BP has been found guilty of “gross negligence” in the lead-up to the 2010 Deepwater Horizon oil spill in the Gulf of Mexico.
The New Orleans judge ruling could potentially cost BP billions more in compensation payments.
Judge Carl Barbier also found BP subcontractors Transocean and Halliburton “negligent”.
The 2010 oil spill was the worst in US history, and BP has set aside $43 billion to cover fines, legal settlements, and clean-up costs.
BP said in a statement that it “strongly disagrees” with the ruling and that it would appeal to a higher court.
“The law is clear that proving gross negligence is a very high bar that was not met in this case,” the company said.
BP shares fell 6% after the ruling was announced.
Judge Carl Barbier said BP should shoulder 67% of the blame for the 2010 spill, with drilling rig owner Transocean responsible for 30% and cement company Halliburton responsible for 3%.
He ruled that BP will be “subject to enhanced civil penalties” due to its “gross negligence” and “willful misconduct”.
The ruling could quadruple the civil penalties that BP must pay as a result of the spill to an estimated $18 billion.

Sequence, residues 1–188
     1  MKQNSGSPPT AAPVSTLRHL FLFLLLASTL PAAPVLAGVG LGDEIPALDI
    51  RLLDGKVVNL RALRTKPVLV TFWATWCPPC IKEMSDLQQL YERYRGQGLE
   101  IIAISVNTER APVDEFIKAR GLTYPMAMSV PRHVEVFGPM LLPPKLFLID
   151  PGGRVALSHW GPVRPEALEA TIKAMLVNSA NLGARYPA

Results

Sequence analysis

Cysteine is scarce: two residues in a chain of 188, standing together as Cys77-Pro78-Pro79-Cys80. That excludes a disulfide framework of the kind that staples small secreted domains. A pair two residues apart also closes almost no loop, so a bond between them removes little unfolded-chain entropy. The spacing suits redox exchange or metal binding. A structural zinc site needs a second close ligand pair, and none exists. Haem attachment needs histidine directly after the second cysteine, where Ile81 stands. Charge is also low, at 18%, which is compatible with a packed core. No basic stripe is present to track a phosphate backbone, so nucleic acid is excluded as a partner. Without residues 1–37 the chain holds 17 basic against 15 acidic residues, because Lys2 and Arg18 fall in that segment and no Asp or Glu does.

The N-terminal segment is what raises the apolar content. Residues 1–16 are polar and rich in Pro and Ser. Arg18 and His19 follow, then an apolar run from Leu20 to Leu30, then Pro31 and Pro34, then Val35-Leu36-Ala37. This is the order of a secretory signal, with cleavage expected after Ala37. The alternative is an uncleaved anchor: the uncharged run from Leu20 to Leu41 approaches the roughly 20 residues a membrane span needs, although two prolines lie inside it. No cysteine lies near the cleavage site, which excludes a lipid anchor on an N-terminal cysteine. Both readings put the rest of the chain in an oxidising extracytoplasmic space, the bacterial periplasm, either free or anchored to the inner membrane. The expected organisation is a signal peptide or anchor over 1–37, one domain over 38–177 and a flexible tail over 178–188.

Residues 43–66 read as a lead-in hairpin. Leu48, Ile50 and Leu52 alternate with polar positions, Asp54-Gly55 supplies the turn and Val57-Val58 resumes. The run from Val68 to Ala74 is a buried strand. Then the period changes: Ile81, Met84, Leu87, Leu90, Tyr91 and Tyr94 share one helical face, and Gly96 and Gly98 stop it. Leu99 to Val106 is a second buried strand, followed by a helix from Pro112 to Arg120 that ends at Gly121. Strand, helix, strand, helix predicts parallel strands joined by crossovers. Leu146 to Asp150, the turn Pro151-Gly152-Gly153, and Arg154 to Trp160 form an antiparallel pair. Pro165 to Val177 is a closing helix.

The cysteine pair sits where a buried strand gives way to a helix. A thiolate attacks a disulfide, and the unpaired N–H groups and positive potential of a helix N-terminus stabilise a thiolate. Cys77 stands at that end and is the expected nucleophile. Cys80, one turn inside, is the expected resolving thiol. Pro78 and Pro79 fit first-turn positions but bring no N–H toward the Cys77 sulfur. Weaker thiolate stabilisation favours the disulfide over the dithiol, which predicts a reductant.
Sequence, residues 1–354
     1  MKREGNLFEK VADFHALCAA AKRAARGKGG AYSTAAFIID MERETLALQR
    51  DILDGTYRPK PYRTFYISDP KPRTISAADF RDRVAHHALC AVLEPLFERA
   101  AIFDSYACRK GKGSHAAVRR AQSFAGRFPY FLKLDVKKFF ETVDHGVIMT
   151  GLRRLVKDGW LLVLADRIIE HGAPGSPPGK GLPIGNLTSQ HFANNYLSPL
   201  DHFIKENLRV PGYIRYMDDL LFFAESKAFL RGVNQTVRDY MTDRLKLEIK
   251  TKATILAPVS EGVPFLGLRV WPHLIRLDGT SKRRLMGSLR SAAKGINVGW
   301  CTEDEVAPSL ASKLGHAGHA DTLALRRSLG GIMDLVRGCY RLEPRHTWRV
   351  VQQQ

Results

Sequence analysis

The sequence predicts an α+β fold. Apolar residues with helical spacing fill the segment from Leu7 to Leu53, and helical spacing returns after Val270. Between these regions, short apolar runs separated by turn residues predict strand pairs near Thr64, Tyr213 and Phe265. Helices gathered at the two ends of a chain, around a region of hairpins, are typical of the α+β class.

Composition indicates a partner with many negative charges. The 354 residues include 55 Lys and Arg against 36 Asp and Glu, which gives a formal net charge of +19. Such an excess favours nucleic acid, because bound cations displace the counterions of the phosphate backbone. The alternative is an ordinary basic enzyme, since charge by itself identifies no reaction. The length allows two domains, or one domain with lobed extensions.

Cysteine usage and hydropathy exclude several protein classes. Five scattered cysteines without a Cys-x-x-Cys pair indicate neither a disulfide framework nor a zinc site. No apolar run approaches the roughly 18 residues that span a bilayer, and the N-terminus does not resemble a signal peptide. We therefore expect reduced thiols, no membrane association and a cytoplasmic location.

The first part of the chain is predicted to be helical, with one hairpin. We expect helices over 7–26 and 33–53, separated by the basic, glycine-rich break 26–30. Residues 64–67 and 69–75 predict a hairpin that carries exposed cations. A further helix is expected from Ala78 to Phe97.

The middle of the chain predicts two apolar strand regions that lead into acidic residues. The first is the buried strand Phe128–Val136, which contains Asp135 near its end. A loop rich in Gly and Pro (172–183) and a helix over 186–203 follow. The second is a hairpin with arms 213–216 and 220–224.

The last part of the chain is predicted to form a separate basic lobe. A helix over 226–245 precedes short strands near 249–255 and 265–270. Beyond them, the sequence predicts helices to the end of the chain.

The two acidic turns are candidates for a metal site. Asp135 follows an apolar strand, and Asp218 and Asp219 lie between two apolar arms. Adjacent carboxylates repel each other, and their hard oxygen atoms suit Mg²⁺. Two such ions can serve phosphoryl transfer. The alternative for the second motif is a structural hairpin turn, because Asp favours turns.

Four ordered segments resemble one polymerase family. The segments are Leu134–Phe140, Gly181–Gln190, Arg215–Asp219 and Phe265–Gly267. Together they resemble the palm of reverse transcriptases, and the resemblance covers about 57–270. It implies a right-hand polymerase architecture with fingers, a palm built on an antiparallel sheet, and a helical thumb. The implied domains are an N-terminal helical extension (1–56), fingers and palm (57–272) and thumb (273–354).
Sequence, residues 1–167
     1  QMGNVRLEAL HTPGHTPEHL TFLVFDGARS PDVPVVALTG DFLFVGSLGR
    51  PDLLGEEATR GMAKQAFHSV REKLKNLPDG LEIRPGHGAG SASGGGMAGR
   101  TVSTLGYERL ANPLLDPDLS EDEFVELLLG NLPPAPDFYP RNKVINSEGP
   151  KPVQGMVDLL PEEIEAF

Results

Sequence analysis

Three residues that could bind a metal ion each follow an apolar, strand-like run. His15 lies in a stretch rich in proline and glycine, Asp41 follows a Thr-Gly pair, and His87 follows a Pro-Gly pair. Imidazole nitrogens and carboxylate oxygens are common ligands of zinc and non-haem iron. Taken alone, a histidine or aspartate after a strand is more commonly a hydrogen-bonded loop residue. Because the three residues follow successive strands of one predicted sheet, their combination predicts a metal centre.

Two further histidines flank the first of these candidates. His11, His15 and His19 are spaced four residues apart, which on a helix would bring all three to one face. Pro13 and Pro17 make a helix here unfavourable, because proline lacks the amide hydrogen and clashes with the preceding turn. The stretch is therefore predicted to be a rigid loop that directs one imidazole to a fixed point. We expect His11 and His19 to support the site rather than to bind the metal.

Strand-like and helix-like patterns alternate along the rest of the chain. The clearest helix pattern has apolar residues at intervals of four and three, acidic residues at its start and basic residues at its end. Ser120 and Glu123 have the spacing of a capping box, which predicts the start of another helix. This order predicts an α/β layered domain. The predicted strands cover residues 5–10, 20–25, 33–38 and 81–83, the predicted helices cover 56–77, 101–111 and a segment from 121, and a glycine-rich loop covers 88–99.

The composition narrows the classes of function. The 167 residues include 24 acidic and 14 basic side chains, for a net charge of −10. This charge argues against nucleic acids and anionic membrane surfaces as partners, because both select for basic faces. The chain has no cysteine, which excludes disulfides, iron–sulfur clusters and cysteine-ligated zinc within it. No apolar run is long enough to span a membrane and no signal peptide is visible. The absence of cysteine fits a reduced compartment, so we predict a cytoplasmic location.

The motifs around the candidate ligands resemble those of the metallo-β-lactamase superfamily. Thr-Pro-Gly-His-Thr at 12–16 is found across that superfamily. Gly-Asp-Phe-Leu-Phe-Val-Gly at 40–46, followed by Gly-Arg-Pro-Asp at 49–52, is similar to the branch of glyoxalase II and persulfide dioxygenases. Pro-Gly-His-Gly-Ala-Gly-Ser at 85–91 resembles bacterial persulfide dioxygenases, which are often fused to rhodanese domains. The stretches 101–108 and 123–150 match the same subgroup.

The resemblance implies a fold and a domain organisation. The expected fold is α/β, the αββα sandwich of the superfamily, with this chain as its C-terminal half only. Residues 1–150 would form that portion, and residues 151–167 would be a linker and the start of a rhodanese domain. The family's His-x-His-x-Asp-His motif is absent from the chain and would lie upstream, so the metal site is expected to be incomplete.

Under the US Clean Water Act, a ruling of negligence would have meant BP was liable to pay $1,100 per barrel of oil spilled; gross negligence increases the penalty to $4,300 per barrel.
In its most recent annual report, BP said it had set aside $3.5 billion for this case – an indication the firm had expected a more lenient ruling.
BP emphasized in its statement that it planned to argue during penalty proceedings for the lesser penalty.
In 2012, BP agreed to accept criminal responsibility for the disaster and agreed to pay $4.5 billion to the US government, thus settling its criminal liability in the spill.
Now, legal efforts have focused on the amount of civil penalties the firm must pay, both to businesses and individuals affected by the spill and to cover environmental clean-up costs.
Also in 2012, BP reached a $9.2 billion civil settlement and agreed to put $20 billion into a trust to pay to businesses and individuals.
However, legal proceedings have continued after BP said it had been forced to pay compensation to some businesses and individuals who were not directly affected.
It is not clear what impact Judge Carl Barbier’s ruling will have on the legal wrangling over that settlement fund.
A date to determine the total number of barrels of oil that were spilled in 2010 as well as a final civil penalty has not yet been announced.
US government experts have estimated a total of 4.2 million barrels spilled into the Gulf; BP has said the figure is closer to 2.45 million.
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